Majority of House GOP reportedly supports removing Liz Cheney from leadership after impeachment vote
House Republican Conference Chair Liz Cheney is facing an internal resistance after splitting from her party on former President Donald Trump's impeachment.Cheney, the No. 3 Republican in the House, was one of only a handful of Republicans who voted to impeach Trump over his role in inciting the Capitol riot. More than a majority of GOP House members have since indicated they'd support ousting Cheney from her leadership spot, while at least two other Republicans have lined up to replace her, Politico reports.At least 107 House members — more than half the caucus — privately support removing Cheney from power, multiple GOP sources involved in the effort told Politico. Meanwhile New York Reps. Elise Stefanik and Lee Zeldin, who defended Trump during both of his impeachments, are reportedly looking to replace her.House Minority Leader Kevin McCarthy (R-Calif.) and Minority Whip Steve Scalise (R-La.) have said they don't intend to remove Cheney. But McCarthy also echoed Republicans' reported anger that Cheney voiced her support of impeachment the day before the House vote, giving Democrats time to use her views in their own arguments. "Questions need to be answered," such as the "style in which things were delivered," McCarthy told reporters Thursday.Many other Republicans, including some who voted against impeachment, meanwhile don't want Cheney removed just for "vot[ing] her conscience," as Rep. Michael McCaul (R-Texas) put it. Others argue removing Cheney would fly in the face of the party's unification message in the post-Trump era — something Cheney herself is trying to counter by making "making calls to all corners of the conference to hear lawmakers out," Politico reports.More stories from theweek.com McConnell is already moving to strangle the Biden presidency 7 brutally funny cartoons about Trump's White House exit Nearly 200 National Guard members have reportedly gotten COVID-19 since the Capitol riot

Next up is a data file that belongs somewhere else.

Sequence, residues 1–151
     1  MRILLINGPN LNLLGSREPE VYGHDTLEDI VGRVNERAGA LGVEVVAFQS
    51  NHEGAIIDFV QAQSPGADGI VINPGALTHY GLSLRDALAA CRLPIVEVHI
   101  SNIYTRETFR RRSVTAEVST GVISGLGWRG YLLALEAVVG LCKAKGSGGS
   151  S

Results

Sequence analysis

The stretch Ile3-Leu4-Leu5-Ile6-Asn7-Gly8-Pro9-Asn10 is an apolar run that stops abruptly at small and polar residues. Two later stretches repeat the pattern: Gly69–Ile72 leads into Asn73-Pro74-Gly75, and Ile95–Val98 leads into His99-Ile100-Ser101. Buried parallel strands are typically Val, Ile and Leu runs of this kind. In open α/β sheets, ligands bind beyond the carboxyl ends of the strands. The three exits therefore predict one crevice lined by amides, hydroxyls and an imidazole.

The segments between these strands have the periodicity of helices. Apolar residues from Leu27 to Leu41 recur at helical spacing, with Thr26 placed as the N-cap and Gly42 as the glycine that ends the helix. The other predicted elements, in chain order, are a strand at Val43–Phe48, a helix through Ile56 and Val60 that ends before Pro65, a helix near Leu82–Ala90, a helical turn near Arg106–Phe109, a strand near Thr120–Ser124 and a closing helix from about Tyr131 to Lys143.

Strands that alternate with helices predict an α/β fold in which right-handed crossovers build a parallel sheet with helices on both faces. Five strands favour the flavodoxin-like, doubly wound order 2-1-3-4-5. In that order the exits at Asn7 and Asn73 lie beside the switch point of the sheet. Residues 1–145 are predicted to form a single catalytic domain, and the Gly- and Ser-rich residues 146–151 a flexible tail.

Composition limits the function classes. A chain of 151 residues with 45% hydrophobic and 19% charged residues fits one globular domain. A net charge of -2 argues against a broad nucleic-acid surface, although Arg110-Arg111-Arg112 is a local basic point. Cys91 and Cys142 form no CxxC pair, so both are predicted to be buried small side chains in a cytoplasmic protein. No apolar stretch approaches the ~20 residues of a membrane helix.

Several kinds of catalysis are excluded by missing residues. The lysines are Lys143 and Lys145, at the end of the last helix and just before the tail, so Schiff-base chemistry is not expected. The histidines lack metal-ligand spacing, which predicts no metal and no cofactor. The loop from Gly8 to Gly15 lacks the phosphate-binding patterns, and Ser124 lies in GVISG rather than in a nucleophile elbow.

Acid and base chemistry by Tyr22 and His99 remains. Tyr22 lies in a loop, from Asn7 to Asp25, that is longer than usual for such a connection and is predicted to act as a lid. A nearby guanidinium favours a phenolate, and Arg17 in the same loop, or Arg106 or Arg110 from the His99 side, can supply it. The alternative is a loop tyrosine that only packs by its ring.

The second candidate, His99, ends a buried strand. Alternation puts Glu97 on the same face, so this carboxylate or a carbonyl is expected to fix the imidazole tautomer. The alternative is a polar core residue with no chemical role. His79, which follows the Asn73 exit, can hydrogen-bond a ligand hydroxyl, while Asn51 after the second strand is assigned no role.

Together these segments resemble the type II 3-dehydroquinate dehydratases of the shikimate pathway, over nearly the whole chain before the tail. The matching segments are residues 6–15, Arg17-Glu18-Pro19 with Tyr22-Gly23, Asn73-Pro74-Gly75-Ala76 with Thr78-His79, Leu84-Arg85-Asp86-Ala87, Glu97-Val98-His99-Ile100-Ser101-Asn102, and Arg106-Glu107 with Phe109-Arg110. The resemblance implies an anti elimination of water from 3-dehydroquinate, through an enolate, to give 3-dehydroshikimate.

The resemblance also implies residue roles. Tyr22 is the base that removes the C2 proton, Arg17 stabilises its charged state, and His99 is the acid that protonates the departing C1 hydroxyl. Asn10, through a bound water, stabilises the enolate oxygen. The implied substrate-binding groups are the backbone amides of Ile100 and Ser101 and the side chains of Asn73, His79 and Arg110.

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The latest jackpot-winning Powerball ticket, worth $731.1 million, was sold in a struggling coal mining town whose biggest previous claim to fame was being the hometown of baseball legend Lefty Grove. The store will get a $100,000 bonus for selling the ticket to the fifth-largest lottery prize in U.S. history. An even larger Mega Millions jackpot will be up for grabs Friday night.
A standoff between new U.S. Senate Majority Leader Chuck Schumer, a Democrat, and the man he replaced, Republican Mitch McConnell, over a core rule of Senate operations has kept the two from reaching a deal on how to manage the 50-50 chamber. Schumer is resisting McConnell's demand for a promise to protect the long-standing Senate rule requiring a supermajority of 60 votes to advance most legislation, known as the legislative filibuster. Their argument is holding up the basic organization and work of the Senate as it begins the new year with 50 senators from each party.